The Penitent Magdalene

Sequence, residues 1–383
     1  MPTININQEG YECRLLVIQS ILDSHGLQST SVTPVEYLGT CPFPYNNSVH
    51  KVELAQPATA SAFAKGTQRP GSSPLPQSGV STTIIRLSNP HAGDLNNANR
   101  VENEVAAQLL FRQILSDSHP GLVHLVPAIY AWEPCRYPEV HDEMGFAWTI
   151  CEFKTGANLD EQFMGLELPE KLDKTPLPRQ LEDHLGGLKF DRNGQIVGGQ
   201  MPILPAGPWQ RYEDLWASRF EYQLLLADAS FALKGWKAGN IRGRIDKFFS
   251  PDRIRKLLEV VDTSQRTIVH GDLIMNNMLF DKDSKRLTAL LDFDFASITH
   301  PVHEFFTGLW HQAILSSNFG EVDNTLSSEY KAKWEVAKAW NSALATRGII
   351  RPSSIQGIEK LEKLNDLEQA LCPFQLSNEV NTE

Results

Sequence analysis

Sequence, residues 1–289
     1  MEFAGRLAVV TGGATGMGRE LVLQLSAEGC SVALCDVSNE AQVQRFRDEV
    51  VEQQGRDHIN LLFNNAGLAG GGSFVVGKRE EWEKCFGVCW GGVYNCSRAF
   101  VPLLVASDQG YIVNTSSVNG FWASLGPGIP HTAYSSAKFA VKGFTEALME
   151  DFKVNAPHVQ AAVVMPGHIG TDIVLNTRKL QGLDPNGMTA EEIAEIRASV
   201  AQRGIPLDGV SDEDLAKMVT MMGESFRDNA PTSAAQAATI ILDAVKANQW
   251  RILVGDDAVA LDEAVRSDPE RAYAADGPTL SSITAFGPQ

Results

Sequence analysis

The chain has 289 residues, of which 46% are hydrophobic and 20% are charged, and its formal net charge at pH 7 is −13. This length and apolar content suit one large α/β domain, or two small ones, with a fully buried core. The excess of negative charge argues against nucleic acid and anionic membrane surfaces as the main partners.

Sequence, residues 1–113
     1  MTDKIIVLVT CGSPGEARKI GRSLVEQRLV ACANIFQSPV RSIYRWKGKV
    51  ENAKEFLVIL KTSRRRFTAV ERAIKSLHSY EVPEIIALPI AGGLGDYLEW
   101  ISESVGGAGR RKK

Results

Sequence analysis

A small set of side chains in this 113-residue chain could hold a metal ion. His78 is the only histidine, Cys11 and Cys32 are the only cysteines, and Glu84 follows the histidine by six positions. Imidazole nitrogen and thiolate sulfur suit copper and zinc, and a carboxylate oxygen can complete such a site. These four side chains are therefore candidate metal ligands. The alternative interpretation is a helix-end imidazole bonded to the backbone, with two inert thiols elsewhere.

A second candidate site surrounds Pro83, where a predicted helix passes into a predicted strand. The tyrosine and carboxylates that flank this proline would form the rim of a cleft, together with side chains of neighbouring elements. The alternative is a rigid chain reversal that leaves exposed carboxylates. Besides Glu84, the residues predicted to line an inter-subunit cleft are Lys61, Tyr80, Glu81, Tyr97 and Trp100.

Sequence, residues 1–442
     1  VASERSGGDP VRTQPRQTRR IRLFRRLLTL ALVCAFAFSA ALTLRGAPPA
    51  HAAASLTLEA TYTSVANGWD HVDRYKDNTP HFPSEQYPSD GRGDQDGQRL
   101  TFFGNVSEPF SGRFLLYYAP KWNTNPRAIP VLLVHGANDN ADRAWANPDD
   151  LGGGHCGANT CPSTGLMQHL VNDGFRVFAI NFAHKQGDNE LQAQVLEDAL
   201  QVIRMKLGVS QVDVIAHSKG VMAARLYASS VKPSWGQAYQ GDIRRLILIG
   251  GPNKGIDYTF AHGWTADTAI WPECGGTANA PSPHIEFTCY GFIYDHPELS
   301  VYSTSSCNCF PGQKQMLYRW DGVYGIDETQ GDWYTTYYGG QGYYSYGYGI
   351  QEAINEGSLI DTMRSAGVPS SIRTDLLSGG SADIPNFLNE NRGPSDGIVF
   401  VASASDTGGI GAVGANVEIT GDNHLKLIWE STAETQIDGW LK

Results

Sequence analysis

One of a series of half-length, figural compositions undertaken by Abraham Janssens in the 1620s, this sumptuous painting of the Penitent Magdalen was intended for a private patron. Its owner would have savored the visual opulence of the pensive saint surrounded by jewels, silks, fruit, and a golden ointment jar, while also understanding the somber skull and crucifix as emblems of death and redemption. Janssens painted it during the Counter-Reformation, a period when the Catholic Church strongly encouraged penitence as the route to salvation. Traditionally described as a prostitute who became a devoted disciple of Christ, Mary Magdalen embodied notions of repentance and redemption. To this day, she remains a complex and mutable symbol of women and their place in the Church.